Seraphine battles headwinds in H1 but US market stays healthy
British maternity-wear specialist Seraphine’s interim results have shown what the company calls its “resilience against [a] difficult economic backdrop”, although revenue fell and losses widened.
The company is pausing its further international rollout for now and focusing on consolidating existing markets.
For the half to the start of October, it said that “despite top-line results reflecting a highly challenging environment for the broader retail sector, our focus on profitability and strengthened skillset have driven an improvement in a number of important operational KPIs”.
Product revenue fell 9.1% to £18.9 million and was down 12.1% on a constant currency basis, “due to the highly challenging retail trading environment as noted by the retail sector as a whole”.
That divided into an 8.8% reported fall to £16.1 million via its own digital platform “as inflation in marketing costs impacted efficiency”, and a 34.2% fall to £1.2 million via digital partnerships “as the business manages this channel with a focus on profitability”. But it also saw a 24% increase to £1.5 million via retail stores.
Product revenue in the American market grew 6.6%, but fell 2.1% currency-neutral. The EU market declined 18.8%, and the UK fell 11.7%.
And product gross profit was down to £12.4 million from £13.6 million, although the gross profit margin rose to 65.7% from 65.6% “as we carefully balanced a higher promotional stance with price increases”. The operating loss widened to £3.8 million from £3.4 million and adjusted EBITDA was a loss of £1.5 million against a profit of £2.9 million a year ago, “due to a decline in revenue, increased marketing costs and additional overheads following our planned investment in senior personnel”.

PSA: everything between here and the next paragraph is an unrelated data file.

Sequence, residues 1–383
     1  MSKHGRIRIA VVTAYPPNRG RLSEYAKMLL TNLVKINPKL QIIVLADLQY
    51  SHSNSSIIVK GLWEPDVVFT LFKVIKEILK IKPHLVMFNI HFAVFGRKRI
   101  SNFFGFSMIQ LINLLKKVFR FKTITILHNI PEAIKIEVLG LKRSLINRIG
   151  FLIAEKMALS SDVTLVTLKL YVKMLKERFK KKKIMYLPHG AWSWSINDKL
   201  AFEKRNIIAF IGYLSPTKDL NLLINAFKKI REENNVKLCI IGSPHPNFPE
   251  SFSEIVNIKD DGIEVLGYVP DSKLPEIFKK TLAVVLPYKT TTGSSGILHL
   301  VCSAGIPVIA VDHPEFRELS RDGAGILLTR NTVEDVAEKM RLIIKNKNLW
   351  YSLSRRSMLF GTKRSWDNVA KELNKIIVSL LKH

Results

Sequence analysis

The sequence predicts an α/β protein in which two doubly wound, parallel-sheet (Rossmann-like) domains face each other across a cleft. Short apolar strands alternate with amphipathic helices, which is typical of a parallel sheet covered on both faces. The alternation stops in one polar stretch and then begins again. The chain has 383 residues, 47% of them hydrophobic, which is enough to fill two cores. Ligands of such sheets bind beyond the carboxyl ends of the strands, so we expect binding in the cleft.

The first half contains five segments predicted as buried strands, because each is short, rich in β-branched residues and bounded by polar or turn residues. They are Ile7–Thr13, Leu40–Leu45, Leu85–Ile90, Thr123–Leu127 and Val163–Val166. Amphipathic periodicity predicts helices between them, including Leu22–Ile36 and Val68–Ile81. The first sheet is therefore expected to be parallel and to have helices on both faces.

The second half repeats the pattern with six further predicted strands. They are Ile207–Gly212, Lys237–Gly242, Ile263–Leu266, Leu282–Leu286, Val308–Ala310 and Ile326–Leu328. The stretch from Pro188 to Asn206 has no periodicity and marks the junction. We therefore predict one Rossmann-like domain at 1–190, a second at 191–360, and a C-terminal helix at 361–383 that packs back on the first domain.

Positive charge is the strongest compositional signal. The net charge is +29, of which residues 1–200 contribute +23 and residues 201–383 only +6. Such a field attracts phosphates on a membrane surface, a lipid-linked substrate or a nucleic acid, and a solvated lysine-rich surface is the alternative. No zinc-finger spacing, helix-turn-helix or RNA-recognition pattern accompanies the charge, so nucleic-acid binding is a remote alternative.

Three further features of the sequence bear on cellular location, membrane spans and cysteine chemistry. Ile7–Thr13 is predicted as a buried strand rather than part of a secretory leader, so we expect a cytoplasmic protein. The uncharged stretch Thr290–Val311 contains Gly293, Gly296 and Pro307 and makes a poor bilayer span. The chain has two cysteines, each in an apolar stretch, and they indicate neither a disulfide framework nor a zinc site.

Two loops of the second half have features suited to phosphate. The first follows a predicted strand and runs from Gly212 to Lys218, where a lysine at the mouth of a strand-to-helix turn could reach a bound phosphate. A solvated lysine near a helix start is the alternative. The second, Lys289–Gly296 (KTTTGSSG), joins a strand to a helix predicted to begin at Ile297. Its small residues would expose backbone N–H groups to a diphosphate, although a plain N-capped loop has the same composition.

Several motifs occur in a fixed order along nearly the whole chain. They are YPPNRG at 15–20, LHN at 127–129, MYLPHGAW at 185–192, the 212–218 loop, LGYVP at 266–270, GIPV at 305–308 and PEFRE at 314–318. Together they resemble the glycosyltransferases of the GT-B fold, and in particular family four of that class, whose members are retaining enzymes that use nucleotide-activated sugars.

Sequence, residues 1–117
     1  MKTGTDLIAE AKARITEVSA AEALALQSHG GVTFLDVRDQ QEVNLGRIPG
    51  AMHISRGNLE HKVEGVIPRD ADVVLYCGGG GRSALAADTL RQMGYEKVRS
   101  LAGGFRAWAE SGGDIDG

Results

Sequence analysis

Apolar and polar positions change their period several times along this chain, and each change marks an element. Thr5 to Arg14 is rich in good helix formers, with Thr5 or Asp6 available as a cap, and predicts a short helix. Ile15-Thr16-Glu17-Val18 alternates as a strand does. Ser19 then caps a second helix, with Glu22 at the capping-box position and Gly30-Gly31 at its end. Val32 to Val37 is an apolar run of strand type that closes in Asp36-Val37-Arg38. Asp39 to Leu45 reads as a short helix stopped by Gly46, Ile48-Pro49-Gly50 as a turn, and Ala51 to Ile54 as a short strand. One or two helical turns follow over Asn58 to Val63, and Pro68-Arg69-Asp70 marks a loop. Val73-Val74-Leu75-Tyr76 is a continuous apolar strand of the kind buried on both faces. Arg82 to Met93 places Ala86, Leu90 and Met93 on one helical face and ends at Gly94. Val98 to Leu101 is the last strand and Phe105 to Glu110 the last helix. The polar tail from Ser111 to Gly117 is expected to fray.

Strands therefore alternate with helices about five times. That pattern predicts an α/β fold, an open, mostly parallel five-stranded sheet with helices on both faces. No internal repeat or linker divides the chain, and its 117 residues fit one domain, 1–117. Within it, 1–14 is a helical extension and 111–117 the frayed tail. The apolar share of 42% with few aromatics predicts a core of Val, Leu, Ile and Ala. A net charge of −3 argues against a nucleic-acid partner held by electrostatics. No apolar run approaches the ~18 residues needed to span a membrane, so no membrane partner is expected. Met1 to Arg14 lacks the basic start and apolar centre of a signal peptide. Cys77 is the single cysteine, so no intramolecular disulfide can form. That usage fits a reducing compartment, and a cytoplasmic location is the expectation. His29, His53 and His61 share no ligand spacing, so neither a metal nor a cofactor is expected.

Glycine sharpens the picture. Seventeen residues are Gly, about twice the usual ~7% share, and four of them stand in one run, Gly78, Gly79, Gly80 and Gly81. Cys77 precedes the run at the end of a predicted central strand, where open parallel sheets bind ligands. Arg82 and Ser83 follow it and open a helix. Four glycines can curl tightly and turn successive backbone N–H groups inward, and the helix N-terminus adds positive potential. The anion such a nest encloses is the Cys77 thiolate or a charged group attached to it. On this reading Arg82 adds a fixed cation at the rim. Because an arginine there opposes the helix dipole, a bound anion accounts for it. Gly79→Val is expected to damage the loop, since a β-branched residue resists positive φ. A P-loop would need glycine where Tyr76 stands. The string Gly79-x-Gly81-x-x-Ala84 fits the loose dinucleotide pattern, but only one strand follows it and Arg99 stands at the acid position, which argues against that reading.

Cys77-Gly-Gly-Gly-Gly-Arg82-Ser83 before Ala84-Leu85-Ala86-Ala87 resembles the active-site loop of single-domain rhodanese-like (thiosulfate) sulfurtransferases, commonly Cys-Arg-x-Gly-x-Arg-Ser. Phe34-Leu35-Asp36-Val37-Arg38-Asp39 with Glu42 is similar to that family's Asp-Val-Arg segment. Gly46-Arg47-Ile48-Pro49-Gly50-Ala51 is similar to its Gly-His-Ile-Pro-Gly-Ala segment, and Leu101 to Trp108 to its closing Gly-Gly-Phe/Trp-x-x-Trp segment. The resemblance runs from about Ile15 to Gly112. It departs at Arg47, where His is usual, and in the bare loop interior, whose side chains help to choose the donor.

Website traffic declined to 7.4 million from 7.7 million and the conversion rate dropped to 2.61% from 2.9%. Total orders fell to 194,000 from 226,000, although the average basket value rose to £153 from £135.
The company also said the launch of the new 'Curve' range, increased “the appeal and accessibility of our product”, while the US — its largest individual country market — “remained resilient”.
As for the start of H2, trading has been in line with management's expectations, with own digital platform sales improving to broadly flat on a constant currency basis, helped by a better-than-expected Black Friday period.
The profit contribution from digital partners is broadly in line with last year but on significantly reduced sales volumes, as a result of its plan to focus on profitability over growth in this channel.
Its retail stores continue to trade behind pre-pandemic levels and trading in the first nine weeks of H2 has been softer than H1.
CEO David Williams said: “H1 was challenging, as seen across the broader retail sector, with the combined headwinds of the macro-economic backdrop and inflation in marketing costs.
“Despite these challenges we are pleased to report improvement in some key operational KPIs, in line with our renewed focus on profitability and the actions we have taken to streamline and sharpen our internal business functions. We have achieved higher basket sizes and improved gross product margin versus the previous year, reflecting our resilient demographic and careful balancing of promotion and price increases.
“We remain focused on our strategy of bringing our innovative and stylish product to more customers worldwide and have been encouraged by the growth of our new markets. In the short term, we will pause the rollout of further international markets and focus on product innovation and improving our service proposition in existing markets. We have some exciting new products planned for the months ahead and with a niche yet loyal customer demographic, whose custom is often non-discretionary, we are confident that we are building a strong platform for the future.”
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